Instead I typed in "puzzles help your brain."
Why? Because my brain got ahead me, skipping back to an ad I had seen last week and what had happened as a result of the ad.
This ad involved using brain exercises as part of the treatment of ADD and other cognitive disorders. When I saw it last week, I thought why not give it a try, the cheap way? So I bought a variety puzzle book that week.
Back to today. My search turned up an interesting article by Marcel Danesi, "Brain Workout." It had this quote worth pulling out:
The psychologists Sternberg and Davidson argued, as far back as 1982 (Psychology Today, Volume 16, pp. 37-44), that solving puzzles entails the ability to compare hidden information in a puzzle with information already in memory, and, more importantly, the ability to combine the information to form novel information and ideas. The thinking involved in solving puzzles can thus be characterized as a blend of imaginative association and memory. It is this blend, I would claim, that leads us to literally see the pattern or twist that a puzzle conceals. It is a kind of "clairvoyance" that typically provokes an Aha! effect.That sounds a lot like creativity benefits to me. So even if I don't see ADD benefits from my variety puzzles, I might see some other benefits instead.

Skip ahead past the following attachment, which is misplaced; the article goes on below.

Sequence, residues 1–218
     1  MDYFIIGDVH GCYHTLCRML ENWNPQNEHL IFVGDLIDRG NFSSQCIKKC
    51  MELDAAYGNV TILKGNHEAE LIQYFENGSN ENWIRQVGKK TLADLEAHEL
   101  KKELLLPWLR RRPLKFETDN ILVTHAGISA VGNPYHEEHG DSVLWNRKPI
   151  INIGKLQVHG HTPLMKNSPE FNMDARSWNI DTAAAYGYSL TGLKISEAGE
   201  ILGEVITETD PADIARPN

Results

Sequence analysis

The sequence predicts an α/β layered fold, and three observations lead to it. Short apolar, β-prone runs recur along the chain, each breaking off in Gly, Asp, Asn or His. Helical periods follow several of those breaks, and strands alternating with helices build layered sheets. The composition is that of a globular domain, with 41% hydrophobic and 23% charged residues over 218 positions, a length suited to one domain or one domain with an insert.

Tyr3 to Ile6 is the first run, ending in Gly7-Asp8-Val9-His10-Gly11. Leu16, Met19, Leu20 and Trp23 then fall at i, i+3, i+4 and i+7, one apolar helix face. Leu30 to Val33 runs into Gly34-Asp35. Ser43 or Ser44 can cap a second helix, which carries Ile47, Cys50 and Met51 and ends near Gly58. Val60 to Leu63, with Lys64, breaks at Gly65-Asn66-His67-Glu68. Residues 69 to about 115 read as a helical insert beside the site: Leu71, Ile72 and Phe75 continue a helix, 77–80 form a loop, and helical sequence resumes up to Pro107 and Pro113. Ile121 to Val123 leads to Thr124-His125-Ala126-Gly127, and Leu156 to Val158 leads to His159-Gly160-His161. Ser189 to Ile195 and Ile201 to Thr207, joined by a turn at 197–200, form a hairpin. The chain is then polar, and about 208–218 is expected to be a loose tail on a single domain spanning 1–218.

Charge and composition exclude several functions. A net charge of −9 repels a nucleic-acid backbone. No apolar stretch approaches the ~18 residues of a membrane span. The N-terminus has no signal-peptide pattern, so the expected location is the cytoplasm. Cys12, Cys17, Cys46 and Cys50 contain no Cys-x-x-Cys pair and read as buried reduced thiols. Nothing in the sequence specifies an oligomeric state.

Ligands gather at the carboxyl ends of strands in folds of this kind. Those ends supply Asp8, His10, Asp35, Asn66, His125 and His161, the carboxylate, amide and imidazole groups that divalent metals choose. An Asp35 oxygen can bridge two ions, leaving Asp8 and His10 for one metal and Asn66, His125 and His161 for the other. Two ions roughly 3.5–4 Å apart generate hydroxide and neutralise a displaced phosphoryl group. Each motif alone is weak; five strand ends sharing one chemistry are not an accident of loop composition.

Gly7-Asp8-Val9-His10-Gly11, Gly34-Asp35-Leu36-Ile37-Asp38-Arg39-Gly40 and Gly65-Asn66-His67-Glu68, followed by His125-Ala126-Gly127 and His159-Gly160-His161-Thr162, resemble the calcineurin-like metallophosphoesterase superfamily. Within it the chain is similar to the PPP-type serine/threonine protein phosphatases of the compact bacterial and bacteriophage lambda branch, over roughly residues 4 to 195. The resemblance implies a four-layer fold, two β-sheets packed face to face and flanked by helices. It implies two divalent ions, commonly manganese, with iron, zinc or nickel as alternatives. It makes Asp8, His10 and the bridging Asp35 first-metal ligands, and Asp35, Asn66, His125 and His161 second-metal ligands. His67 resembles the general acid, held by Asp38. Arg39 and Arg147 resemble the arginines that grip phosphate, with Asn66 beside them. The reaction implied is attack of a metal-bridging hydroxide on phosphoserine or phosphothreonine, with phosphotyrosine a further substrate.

And that wraps me back around to the point of this post. The writer's mainstay probably isn't a technique or an element of writing, something that changes over time as literature and culture changes. Rather, it is in the brain. It is in its creativity. So it is important to treat the brain right, feed it right, and I'm going to try to do that through brain exercises.
(X-Posted from Shades of Writing)